A flexible battery has been developed by researchers from the University of California, Los Angeles, which can withstand being run over by a car, blows from a hammer and temperatures as low as −77°C (-106.6°F). Traditional batteries are solid and based on lithium, but can easily be damaged in an accident, and struggle with extreme temperatures. The hydrogel battery uses a special polymer known as polyvinyl alcohol to make it flexible and durable. The team believe it could potentially be used for electronics such as wearable devices or smartphones.
To make the hydrogel battery, the team combined electrolytes with hydrogels. The electrolyte made the hydrogel conductive, and the polymer made the battery flexible. The device was tested in a range of extreme situations, including being hit with a hammer and having a nail driven into it. Remarkably, the battery continued to work. “We thought that electrochemical performance is going to be much worse after all of these mechanical strikes,” said He. “But we just found out that it turned out to be excellent.”
The hydrogel battery is still in the early stages of development, and the researchers are now focused on increasing the battery capacity. However, once developed, He believes that the flexible battery could be used in a range of other areas, including medical devices such as implantable bioelectronics. These could include devices which monitor the heart or brain, and need to move with the body.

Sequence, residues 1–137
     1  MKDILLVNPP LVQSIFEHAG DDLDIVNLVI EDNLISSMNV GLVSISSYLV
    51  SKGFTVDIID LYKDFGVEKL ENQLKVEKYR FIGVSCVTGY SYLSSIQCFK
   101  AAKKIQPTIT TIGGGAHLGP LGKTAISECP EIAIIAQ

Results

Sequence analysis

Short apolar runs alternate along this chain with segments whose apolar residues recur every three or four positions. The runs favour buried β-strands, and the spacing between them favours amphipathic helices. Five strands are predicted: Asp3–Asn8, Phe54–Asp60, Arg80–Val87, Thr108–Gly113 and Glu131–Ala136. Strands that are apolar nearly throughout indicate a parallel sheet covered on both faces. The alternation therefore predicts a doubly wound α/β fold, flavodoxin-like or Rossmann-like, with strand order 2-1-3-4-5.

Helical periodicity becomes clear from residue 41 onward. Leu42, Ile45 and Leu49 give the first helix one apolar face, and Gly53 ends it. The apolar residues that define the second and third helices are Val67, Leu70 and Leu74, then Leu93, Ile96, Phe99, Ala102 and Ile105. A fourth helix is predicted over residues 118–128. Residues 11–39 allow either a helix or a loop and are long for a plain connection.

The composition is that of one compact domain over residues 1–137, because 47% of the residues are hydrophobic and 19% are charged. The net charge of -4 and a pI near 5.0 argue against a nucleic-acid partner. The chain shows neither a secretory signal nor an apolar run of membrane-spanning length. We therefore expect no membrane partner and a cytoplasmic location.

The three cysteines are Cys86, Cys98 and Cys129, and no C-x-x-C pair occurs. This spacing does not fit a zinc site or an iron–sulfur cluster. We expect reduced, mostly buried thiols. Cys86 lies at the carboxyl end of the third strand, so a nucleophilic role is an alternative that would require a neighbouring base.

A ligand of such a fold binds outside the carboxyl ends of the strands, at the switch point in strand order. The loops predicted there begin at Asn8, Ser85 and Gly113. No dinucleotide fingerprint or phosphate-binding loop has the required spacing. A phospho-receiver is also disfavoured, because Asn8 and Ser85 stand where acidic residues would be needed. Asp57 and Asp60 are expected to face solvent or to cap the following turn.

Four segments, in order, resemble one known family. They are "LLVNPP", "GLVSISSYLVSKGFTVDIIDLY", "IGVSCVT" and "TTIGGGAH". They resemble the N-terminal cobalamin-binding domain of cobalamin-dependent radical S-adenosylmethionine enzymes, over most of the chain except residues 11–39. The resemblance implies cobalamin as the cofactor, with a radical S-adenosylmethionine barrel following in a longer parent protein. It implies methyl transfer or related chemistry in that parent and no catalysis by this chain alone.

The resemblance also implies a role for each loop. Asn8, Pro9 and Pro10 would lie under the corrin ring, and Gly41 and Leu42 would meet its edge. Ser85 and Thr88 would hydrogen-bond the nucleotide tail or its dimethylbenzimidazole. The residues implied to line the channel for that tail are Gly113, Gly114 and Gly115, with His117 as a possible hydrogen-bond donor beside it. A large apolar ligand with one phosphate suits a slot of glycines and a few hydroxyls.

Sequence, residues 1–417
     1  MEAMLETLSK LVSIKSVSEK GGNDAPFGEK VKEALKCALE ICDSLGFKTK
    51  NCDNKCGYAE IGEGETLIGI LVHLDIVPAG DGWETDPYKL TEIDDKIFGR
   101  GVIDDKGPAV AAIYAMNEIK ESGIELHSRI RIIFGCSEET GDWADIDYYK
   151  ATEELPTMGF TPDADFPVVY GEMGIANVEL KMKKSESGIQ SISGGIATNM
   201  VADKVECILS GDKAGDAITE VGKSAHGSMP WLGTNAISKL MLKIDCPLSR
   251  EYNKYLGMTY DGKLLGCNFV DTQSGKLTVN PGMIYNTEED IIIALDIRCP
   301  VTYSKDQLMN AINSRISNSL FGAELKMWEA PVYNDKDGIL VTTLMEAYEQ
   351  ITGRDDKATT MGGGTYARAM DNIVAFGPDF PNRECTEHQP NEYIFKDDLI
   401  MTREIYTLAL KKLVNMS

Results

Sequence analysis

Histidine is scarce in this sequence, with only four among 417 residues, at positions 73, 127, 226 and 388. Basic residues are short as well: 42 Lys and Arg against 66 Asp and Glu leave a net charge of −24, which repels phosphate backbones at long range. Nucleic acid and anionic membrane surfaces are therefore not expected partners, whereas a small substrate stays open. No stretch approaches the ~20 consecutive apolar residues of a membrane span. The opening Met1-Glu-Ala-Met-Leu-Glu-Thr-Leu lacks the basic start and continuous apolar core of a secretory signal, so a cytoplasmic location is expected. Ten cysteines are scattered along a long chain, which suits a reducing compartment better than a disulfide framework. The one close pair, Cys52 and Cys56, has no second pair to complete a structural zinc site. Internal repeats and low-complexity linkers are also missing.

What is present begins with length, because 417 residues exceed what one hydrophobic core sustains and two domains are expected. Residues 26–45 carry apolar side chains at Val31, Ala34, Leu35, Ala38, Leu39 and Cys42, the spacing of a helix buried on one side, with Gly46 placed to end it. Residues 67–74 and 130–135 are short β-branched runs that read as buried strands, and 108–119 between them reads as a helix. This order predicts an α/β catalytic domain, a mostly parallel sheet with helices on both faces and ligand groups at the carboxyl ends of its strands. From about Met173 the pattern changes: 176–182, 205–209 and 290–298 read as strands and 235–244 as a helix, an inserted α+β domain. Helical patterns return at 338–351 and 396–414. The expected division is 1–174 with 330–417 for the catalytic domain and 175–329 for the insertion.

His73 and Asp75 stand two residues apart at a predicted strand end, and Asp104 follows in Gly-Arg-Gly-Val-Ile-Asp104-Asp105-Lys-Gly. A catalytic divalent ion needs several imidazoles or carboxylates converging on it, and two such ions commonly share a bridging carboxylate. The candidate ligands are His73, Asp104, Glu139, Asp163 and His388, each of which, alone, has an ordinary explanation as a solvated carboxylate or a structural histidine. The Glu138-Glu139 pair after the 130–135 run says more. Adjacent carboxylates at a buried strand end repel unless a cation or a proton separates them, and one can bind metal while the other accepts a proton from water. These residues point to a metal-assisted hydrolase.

Other potential uses of the hydrogel battery include energy storage for soft robotics, wearable technology, and electric vehicles. The battery could also be used in harsh conditions, such as extreme temperatures which are outside the range of regular lithium batteries. The team also believes that the technology could be used in flexible electronics, an area which has long been coveted by manufacturers.
Currently, the capacity of the hydrogel battery is relatively low compared to other batteries. However, the team is optimistic that the battery technology can be improved, making it practical for commercial use. The researchers will next focus on increasing energy density and testing how the batteries respond in different temperatures and environments. It may be some time until the full potential of the hydrogel battery is realised, but the early results show that it could be a significant step forward for the electronics industry.